Special Severe Weather Update
NWS-Nashville’s Afternoon Forecast Discussion led off with this:
As we wrote this morning — We want to balance the goal of raising awareness/encouraging preparedness with the risk of over-hyping this event. The details of what will happen remain fuzzy. There is significant potential, but answers to questions about ETAs, local impacts, and types of storm modes (tornadoes, hail, high winds, flash flooding) do not exist. This is a situation where the storms which form Sunday will impact what will happen Monday. What we see Monday will impact what happens Tuesday.
Writing about Sunday night, our NWS said: “localized damaging winds and hail will be the main concern,” possibly in the form of a late night squall line.
Storms may be ongoing in the morning, leftover from the night before, followed by a break in the activity around midday. Then, by late afternoon, “rapid supercell development is possible from the ArkLaMiss (where Arkansas, Louisiana, and Mississippi meet) up into western Middle Tennessee.”
Then “the stage will be set in Middle Tennessee for local storm development . . . along with the arrival of mature supercells from our southwest.” These storms may form into clusters; however, “forecast models are in good agreement with parameters supporting supercells in Middle Tennessee.”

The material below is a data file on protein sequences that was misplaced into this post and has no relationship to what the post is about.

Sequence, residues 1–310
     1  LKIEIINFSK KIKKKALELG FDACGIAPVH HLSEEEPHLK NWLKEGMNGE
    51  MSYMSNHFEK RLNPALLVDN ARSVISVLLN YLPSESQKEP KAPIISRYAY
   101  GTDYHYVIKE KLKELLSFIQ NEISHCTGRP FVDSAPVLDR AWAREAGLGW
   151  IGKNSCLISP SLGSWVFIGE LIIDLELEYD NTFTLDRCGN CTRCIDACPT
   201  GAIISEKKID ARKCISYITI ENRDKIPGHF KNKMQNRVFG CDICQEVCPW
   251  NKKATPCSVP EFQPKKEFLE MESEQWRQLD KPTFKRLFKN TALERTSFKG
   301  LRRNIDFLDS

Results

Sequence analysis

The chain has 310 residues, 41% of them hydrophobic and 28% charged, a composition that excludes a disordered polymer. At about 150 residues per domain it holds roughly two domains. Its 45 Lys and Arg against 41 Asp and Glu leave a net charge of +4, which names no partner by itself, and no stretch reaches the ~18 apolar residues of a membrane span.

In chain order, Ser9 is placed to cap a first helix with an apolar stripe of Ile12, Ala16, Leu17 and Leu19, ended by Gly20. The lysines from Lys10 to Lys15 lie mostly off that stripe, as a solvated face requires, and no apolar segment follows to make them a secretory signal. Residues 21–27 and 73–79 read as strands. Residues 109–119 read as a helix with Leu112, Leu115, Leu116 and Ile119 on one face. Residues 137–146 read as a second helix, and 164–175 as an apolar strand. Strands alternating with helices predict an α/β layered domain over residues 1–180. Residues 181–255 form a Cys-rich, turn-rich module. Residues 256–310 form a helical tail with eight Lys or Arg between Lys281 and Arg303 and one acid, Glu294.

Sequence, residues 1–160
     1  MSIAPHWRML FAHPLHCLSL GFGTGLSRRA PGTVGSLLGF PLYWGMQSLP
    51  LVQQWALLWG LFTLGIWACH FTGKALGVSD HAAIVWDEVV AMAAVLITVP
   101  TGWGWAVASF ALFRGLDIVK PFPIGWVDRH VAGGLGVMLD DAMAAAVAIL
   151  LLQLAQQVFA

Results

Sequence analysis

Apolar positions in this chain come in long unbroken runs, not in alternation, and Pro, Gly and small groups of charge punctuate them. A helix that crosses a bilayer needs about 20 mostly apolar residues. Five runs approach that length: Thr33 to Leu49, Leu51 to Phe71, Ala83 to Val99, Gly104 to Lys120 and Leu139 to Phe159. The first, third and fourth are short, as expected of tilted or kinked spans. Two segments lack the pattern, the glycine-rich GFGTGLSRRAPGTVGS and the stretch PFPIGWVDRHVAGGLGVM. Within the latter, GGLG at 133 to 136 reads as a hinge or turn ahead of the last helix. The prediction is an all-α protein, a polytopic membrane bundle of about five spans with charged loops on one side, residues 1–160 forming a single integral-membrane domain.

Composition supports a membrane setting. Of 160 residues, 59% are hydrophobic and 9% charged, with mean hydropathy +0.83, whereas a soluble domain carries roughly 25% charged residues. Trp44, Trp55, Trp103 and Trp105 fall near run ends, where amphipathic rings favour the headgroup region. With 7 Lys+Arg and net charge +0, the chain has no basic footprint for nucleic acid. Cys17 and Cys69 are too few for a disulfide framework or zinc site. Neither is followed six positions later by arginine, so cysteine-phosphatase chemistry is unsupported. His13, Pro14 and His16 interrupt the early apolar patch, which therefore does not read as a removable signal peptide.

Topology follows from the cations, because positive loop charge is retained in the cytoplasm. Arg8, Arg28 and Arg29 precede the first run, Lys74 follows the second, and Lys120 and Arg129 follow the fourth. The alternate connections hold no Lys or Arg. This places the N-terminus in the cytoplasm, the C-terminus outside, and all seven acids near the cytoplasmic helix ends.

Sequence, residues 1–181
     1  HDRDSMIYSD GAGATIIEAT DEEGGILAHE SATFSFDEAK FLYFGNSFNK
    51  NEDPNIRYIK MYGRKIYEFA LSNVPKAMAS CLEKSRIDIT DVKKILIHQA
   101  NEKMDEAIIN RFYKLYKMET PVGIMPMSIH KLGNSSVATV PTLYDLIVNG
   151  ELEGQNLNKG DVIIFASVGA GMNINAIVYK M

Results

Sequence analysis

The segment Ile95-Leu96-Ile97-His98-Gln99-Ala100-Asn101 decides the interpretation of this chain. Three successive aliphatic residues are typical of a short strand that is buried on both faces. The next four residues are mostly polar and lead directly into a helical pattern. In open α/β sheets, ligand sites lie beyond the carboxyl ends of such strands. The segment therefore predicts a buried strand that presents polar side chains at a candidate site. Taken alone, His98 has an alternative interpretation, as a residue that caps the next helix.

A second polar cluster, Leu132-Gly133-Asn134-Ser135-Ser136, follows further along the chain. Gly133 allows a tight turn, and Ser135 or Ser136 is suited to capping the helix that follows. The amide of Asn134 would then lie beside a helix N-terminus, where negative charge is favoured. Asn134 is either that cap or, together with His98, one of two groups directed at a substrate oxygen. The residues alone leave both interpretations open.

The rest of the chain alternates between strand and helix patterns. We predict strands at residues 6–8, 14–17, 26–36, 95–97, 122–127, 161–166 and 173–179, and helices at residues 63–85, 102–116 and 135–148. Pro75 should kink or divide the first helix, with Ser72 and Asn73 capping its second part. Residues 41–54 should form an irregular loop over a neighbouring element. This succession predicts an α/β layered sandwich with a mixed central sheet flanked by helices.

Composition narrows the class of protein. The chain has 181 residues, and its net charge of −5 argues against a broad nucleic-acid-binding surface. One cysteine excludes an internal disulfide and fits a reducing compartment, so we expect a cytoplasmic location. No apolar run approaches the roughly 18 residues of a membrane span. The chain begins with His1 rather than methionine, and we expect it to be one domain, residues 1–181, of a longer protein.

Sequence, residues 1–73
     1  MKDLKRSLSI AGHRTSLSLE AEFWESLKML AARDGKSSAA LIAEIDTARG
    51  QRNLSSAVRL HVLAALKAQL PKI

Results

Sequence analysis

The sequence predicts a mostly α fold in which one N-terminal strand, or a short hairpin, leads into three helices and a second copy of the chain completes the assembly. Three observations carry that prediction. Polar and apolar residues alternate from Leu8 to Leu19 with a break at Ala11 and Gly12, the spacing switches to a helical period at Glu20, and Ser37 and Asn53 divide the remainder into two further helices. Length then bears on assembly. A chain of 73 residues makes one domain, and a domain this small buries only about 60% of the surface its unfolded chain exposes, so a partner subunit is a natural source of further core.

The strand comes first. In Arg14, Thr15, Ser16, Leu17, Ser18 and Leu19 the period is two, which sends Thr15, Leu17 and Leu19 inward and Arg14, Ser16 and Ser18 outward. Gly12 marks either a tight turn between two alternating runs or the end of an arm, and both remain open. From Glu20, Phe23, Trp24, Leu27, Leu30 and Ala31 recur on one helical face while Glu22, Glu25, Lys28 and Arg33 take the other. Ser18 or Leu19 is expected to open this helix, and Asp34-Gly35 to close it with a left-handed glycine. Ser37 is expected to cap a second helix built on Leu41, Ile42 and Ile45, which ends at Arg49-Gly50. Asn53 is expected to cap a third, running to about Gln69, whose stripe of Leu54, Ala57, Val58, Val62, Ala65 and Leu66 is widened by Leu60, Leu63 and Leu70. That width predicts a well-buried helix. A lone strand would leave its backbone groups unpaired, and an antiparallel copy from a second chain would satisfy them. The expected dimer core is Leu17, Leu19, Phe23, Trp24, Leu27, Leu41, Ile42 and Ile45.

Supercells are independent, typically fast moving, rotating thurnderstorms. These can produce tornadoes of all sizes, strength, and duration. They also deposit heavy rain rates, hail, strong non-tornadic winds, and frequent lightning. We. Do. Not. Want.
This activity is forecast to continue into Monday evening.
Although the threat is thought to be lower than Monday’s threat, “severe weather remains a possibility” Tuesday. The forecast for Tuesday is the most murky because it is largely dependent on what happens Monday.
This morning, the Storm Prediction Center wrote “the potential exists for a severe weather outbreak including strong tornadoes.” See the technical discussion below or click here. This will be updated early tomorrow morning.
Don’t forget about the flash flooding potential. Outdoor league administrators, coaches, and almost-7-year-old boys-who-love-baseball should prepare for the high likelihood of Monday & Tuesday rainouts.
This weekend, and especially Sunday, you should glue/staple yourself to multiple reliable sources of weather information. Have a wake me up app (see our scrolling banner for iOS; I like iMap Weather Radio on Droid) and a NOAA weather radio. Know now where you will go in case of a tornado warning. A good preparedness kit includes many things, and don’t forget shoes, helmets (especially for kids), your charged phone, drivers’ license/debit card, and flashlights.
We’ll be wearing out this website through the weekend.
Don’t freak out. Be prepared, just in case.
Current Official Hourly Observation (taken at :53 on the hour)
Current Radar Loops
Local radar loop includes live severe weather warning
Temp & Rain Probabilities Next 36 Hours (auto-updating)
Saturday’s marathon looks awesome. Low humidity, under under 50° at the start, mid 70°s around noon, no rain, and only a few clouds.
This site supplements @NashSevereWx on Twitter.
Categories: Forecast Blogs